Having been a nurse for over 18 years, I have endured a few Nurses Week. At first, I was lured into the charm of my first Nurses Week bag. I had finally arrived: My first official nurse’s bag. I had arrived and for a full week, the folks at the hospital seemed to actually appreciate what we did for our patients. After a few mugs, key chains, beach towels and more bags, the charm quickly grew off.
After awhile, you start to realize it is just a game of smoke and mirrors. You begin to realize that you had been tricked by the lures of trinkets, when in fact what you really want is respect, more staff and to be able to leave your water at your desk. What you really want is to be able to take care of the patients the way they should be. The way we are taught in school. Gone are those days of really knowing your patient; there are too many to care for each shift and too much documentation that needs to be attended to.
Ask most nurses who work at the bedside what they really want and most will answer more staff and better respect for their profession.
Unfortunately, nurses are not part of the reimbursement for the hospital. Their care is bundled up in the room rate, much like the housekeeper in a hotel. By not having any tangible ties to reimbursement, nurses are the first to be cut and squeezed to work smarter and harder. Yet, the daily requirements continue to be stacked on.
Did the doctor order their bundle sets? Did you justify why the patient still needs a Foley? Are your core measures and education all done? Did you document in the computer and in the patient’s folder? Have you documented in all three places that you turned and repositioned your patient and that their needs were attended to? Are their vaccinations screenings done? Fall assessments? Skin assessments? Delirium scales? The list goes on and on before we even touch the patient.
If you ask most hospital administrators, they will tell you they staff their units based on acuity. The humor in this: No one monitors acuity anymore. It is all about the grids and matrix. Essentially, they can do as they please and hope no one gets harmed in the process. But, ask the nurse who barely drank, ate or went to the bathroom, they may disagree about who was harmed that shift.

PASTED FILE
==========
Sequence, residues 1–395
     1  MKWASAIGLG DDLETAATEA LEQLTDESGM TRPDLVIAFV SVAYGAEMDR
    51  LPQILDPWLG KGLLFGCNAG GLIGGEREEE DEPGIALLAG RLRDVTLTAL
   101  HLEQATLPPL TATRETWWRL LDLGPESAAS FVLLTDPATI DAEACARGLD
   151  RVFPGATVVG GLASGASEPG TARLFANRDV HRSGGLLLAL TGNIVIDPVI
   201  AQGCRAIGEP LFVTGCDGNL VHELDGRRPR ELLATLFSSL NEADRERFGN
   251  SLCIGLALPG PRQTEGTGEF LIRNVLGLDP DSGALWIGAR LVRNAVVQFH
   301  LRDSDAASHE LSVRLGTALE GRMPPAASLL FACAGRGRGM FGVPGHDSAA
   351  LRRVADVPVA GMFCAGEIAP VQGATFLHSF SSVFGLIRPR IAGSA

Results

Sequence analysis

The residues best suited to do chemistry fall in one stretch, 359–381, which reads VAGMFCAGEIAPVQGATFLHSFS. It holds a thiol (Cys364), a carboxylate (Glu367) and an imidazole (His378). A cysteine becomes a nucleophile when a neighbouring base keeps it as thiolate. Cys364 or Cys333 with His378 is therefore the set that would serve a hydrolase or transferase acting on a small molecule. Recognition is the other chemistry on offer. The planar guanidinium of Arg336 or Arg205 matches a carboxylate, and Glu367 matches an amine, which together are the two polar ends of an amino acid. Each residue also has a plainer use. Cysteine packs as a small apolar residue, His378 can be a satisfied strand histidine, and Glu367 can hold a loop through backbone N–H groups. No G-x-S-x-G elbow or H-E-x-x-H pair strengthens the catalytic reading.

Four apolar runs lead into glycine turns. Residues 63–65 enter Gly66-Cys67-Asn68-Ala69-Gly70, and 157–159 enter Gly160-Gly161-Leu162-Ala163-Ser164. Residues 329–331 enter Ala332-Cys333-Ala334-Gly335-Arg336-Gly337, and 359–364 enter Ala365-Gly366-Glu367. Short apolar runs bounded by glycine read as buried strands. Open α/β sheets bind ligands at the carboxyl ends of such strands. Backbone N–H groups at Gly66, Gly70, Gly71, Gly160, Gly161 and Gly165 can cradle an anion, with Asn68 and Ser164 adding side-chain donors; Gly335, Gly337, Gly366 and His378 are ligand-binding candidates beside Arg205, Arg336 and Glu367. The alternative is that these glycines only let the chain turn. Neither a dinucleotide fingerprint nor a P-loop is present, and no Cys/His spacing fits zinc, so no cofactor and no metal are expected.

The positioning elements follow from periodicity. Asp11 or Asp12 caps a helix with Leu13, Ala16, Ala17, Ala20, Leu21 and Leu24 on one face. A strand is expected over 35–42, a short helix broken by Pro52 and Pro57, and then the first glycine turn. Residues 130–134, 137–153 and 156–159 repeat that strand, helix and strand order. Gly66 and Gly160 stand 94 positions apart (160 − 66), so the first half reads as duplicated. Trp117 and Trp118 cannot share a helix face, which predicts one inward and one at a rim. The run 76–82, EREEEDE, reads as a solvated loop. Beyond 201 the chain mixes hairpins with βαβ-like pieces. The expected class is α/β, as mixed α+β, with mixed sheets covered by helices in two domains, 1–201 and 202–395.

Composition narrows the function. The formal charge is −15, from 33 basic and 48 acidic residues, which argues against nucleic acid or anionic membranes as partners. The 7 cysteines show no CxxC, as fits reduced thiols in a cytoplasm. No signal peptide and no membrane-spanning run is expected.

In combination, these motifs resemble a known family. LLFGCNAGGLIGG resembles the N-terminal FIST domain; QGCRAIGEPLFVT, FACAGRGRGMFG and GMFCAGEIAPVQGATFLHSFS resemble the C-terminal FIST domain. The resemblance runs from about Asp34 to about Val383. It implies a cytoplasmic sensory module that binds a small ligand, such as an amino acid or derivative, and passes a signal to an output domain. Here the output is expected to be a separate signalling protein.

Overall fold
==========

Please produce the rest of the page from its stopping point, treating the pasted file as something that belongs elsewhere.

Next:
To add insult to the mix, now hospitals are held hostage with patient satisfaction surveys. No longer do we want to know if patients received good care, we just want to know if they perceived they received good care. Instead of rewarding the hospitals for being good manipulators of statistical data, how about we reward hospitals for having safe staffing ratios and good outcomes?
But, what are good staffing ratios? Well, that goes back to the grids and matrices that any hospital can create. Repeatedly research finds that the more patients a nurse cares for on their shift, the incidence of death to the patient will increase. Yet, despite the evidence, nurses are required to care for more and more patients each shift. Often caring for 6 to 8 patients on a medical-surgical floor and up to 3 patients per nurse in the intensive care units. As for the emergency room, it is free game: whatever the hospital deems as “safe.”
And the irony of it all, we have to practice according to evidence, but apparently not them?
Things looked like they were changing in 2004, when the state of California mandated revolutionary safe staffing ratios for hospitals in an effort to improve patient care. But, why, after all, these years are they still the only state? Why 12 years later and after multiple attempts are national safe staffing ratios still being debated? Again, what happened to evidenced based practice?
Well, we all know it comes down to the money, because money is power. Nursing is one of the largest expenses for any hospital. This equates to being the biggest target for cutbacks. Unfortunately, nursing does not bring in the money, so they do not wield the power and will continue to be treated like the liability they are perceived. This will continue to get worse as hospitals are more frequently run by bean counters who know nothing of patient other than what they read in books.
But, what if hospitals were rewarded for safe staffing? Or what if nursing care was actually reimbursed just as the other professional colleagues? Instead of asking the patient if they perceived good care, what if hospitals actually were reimbursed for not having high turnover of staff? Maybe even for having high staff satisfaction survey results?
So what do nurses want for Nurses Week?
They want a patient load that doesn’t bring them to tears by the end of the shift. They want to go home knowing they did all that they could for their patients because they had the time and support to accomplish it. They want to know they are valued and worth more than a mug or tote bag.
This is our year. This is the year we stand up and fight for our profession, our patients and the future of health care. This Nurses Week, instead of complaining again about the lame trinket your hospital gave you; join the conversation for safe staffing. Go to the rallies being held all over the country at state capitals. Join me in DC to rally and bring attention to the need for safe staffing. Write your congressman and ask for support for S. 864 (National Nursing Shortage Reform and Patient Advocacy Act) and H.R. 1602 (Nurse Staffing Standards for Patient Safety and Quality Care Act). Do something to be a part of the solution.
Make this the year that is more about good care and safe staffing and not about grids and matrix.
Make this the year the nurses stood together and spoke up.
Make this the Nurses Week we all want.
Thanks for letting me get my thoughts out. But, I want to hear your thoughts? Leave a comment below on what you would want for Nurses Week? Dream big, believe big and be the change.
Take care, be safe and wash your hands!
Joan Spitrey is a nurse who blogs at the Nurse Teacher.
Image credit: Shutterstock.com